Tag Archive for: PI3 kinase

CLL & Relapse: A Look at Available Treatment Options

CLL & Relapse: A Look at Available Treatment Options from Patient Empowerment Network on Vimeo.

What chronic lymphocytic leukemia (CLL) treatment options are available for relapsed patients? Expert Dr. Ryan Jacobs explains options for patients in relapse and for those seeking additional treatments.

Dr. Ryan Jacobs is a hematologist/oncologist specializing in Chronic Lymphocytic Leukemia from Levine Cancer Institute. Learn more about Dr. Jacobs.

Download Resource Guide   |  Descargar Guía en Español

See More from START HERE CLL

Related Programs:

Emerging CLL Research: Understanding the CAPTIVATE and MAJIC Studies

Concerned About CLL Watch and Wait? Start Here

CLL and Vaccines | Vital Advice for Protecting Patients


Lisa Hatfield: 

What treatments do you think are the most beneficial for patients whose CLL has relapsed? What are the poor prognostic indicators for CLL? And along the same lines, what are the high-risk genetic markers for CLL?

Dr. Ryan Jacobs:

It’s a little more complicated discussion in the first-line setting because both are options. At this point in time, we haven’t been…at least those that are, I would say, staying up to date on the CLL data, we have not been using chemotherapy for a long time. So most of the relapsed patients will have seen either one of the BTK inhibitors or venetoclax (Venclexta). And so what we do in the second-line setting is just use the other option that they haven’t seen. The data tells us, when you look at what treatments are being prescribed, most patients are going on BTK inhibitors, and they have been around longer than venetoclax in general. So for a lot of patients, that relapsed treatment is going to be venetoclax. Because that has the best data in terms of treating patients that have progressed on a BTK inhibitor like ibrutinib (Imbruvica) or acalabrutinib (Calquence) or zanubrutinib (Brukinsa).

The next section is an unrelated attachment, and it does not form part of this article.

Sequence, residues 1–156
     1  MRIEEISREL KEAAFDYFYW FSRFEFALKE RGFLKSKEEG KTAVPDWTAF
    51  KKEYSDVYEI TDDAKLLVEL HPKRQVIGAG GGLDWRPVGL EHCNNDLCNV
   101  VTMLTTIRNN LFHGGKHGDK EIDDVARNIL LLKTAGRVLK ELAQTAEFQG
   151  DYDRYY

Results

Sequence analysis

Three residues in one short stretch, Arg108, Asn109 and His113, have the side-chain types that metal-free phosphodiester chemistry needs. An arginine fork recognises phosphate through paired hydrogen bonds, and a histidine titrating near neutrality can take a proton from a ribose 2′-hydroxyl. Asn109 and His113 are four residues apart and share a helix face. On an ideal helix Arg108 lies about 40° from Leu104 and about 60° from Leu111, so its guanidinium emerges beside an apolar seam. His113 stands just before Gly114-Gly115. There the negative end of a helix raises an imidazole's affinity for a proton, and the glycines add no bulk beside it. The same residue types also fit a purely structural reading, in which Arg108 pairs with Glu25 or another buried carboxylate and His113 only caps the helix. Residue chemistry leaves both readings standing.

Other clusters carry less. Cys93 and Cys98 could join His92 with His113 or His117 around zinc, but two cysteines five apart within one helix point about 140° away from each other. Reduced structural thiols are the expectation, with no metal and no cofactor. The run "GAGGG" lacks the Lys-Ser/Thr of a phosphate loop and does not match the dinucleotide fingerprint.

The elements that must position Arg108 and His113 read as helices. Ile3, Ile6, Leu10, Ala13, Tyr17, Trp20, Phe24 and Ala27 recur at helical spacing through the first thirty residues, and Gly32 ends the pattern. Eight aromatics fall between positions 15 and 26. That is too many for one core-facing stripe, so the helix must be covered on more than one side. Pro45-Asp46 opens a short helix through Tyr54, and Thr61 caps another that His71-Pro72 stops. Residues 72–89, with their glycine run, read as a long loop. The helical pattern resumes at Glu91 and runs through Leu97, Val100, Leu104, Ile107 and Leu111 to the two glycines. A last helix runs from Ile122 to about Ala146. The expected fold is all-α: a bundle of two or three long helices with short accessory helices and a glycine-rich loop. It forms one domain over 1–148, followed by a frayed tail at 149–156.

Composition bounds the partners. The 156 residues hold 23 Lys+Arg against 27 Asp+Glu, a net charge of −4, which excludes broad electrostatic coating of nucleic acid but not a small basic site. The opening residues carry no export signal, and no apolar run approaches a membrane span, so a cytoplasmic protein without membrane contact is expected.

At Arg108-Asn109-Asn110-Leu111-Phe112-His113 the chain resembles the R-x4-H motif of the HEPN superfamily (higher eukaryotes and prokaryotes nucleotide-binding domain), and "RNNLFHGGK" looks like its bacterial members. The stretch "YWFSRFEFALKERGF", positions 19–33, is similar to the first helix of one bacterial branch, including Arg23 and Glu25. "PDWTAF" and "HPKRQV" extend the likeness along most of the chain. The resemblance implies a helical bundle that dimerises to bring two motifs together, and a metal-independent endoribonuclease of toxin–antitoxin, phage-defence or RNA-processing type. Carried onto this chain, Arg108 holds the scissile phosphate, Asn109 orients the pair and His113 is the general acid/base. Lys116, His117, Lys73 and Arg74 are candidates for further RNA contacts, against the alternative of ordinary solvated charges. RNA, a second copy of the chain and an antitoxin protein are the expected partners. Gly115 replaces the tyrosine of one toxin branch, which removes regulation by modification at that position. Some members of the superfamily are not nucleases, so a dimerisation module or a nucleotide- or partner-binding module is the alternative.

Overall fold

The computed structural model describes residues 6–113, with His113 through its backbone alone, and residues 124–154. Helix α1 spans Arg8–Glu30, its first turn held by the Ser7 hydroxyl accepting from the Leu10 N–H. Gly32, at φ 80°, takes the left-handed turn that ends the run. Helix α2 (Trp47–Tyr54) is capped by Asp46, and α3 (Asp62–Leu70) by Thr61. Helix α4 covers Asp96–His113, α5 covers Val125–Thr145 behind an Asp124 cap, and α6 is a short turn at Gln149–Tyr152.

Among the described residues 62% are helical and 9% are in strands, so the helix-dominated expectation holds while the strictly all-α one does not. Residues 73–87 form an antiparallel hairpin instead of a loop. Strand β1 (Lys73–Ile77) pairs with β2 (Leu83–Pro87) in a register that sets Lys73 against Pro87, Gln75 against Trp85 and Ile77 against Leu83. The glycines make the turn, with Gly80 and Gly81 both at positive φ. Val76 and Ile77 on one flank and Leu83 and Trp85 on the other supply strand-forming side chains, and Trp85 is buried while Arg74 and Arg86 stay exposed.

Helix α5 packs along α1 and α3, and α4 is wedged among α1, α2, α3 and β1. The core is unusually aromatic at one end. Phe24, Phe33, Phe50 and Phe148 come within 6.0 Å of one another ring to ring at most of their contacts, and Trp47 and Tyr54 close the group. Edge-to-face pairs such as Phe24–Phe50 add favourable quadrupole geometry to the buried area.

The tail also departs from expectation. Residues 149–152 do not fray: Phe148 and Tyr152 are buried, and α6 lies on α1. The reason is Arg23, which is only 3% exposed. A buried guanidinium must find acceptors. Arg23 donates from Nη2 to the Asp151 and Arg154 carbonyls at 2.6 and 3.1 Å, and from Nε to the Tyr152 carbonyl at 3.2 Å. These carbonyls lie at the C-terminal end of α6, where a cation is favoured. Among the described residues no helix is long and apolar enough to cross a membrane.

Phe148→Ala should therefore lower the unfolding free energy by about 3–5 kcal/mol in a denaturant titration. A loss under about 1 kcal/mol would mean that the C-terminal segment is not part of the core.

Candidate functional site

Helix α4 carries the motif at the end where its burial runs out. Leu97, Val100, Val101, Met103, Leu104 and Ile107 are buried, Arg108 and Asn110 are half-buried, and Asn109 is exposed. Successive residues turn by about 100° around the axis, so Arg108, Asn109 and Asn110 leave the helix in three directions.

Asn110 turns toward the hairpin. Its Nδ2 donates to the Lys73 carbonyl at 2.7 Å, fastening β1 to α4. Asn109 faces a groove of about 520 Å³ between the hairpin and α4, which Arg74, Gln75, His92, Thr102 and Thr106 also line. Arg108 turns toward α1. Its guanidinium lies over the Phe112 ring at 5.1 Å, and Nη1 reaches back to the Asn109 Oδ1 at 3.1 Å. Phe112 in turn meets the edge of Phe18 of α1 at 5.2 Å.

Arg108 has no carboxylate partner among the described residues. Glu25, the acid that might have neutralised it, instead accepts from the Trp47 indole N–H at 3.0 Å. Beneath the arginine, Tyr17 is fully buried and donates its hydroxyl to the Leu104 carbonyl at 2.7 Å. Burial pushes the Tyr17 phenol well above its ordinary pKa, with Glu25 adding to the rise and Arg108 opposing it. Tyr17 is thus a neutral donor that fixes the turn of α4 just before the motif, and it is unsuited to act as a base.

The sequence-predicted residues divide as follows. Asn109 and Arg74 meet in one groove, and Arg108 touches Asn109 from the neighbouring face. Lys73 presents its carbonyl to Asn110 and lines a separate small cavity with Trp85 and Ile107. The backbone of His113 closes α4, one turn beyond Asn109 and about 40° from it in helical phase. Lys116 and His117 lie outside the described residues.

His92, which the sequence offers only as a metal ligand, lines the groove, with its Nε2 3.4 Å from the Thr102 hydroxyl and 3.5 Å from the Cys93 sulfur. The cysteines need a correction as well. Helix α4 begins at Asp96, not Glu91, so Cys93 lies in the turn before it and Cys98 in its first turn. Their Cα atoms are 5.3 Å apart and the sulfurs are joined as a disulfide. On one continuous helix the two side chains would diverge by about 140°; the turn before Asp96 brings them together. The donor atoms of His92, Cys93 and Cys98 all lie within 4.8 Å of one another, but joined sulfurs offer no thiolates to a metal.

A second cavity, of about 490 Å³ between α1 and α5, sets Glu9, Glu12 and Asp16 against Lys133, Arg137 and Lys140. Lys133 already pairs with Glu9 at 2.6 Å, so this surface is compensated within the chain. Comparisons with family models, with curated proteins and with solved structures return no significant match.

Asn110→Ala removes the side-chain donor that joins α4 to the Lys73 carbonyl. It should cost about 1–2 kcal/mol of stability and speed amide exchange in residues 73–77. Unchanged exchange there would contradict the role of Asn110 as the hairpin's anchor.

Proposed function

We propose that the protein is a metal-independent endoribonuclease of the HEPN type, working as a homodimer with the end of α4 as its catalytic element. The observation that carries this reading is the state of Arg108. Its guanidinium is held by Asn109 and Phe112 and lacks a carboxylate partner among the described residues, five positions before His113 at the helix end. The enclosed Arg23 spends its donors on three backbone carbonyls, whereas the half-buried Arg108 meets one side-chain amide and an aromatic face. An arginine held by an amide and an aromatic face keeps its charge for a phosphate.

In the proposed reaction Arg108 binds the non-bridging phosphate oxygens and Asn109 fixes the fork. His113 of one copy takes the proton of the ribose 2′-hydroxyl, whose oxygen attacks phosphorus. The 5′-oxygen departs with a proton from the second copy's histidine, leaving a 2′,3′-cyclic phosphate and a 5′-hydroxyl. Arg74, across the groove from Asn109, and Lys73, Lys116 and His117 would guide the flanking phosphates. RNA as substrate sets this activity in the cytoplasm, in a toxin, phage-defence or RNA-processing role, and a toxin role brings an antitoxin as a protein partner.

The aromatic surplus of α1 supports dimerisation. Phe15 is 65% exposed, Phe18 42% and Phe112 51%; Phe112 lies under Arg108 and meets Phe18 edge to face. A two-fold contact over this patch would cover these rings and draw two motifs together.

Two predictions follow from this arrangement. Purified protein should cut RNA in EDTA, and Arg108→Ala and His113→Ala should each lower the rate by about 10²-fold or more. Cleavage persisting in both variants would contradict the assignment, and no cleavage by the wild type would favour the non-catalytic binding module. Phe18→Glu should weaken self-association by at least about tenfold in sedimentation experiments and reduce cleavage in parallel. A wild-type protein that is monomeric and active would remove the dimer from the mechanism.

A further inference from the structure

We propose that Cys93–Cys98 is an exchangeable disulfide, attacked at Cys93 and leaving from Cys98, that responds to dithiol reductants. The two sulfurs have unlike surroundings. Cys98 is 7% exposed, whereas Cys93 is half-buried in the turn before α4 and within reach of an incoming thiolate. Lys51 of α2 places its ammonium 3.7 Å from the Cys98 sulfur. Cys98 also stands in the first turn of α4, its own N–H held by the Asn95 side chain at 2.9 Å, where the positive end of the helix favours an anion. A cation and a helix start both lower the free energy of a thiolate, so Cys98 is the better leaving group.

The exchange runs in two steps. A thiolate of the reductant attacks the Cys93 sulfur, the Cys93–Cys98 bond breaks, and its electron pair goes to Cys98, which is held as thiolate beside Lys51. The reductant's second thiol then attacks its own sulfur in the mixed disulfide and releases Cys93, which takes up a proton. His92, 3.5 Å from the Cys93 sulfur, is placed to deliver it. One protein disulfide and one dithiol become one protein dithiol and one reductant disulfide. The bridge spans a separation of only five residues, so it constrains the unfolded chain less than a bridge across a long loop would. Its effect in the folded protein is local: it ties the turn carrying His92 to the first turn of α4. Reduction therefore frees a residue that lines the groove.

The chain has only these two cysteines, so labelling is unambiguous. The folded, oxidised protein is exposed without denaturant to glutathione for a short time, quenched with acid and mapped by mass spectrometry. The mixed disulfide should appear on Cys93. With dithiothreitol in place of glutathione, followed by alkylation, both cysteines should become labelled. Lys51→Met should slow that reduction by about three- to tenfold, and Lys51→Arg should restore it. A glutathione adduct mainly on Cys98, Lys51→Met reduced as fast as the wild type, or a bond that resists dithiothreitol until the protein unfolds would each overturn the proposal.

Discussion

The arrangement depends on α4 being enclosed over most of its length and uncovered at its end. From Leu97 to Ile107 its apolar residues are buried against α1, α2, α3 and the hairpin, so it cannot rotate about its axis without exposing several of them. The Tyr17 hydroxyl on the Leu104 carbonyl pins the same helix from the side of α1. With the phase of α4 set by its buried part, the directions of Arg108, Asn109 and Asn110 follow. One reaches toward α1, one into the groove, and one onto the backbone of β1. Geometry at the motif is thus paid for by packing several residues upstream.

In the near future, we’ll have pirtobrutinib (Jaypirca) and so maybe, maybe some will get that drug before venetoclax, and that’s probably okay. And so we’ll have that additional option. The complicated patients, and I’ve alluded to this, or what do we do after BTK and Bcl-2? What are we left with? I mentioned PI3 kinase, that’s not a great option. There’s still stem cell transplant out there for young patients that are running out of options. Clinical trial is really what I would like to emphasize there. If you’re a patient that can get to a high volume referral cancer center with a CLL specialist, I would do that if you have seen BTK inhibitors and venetoclax and are looking for other options.

Share Your Feedback

Create your own user feedback survey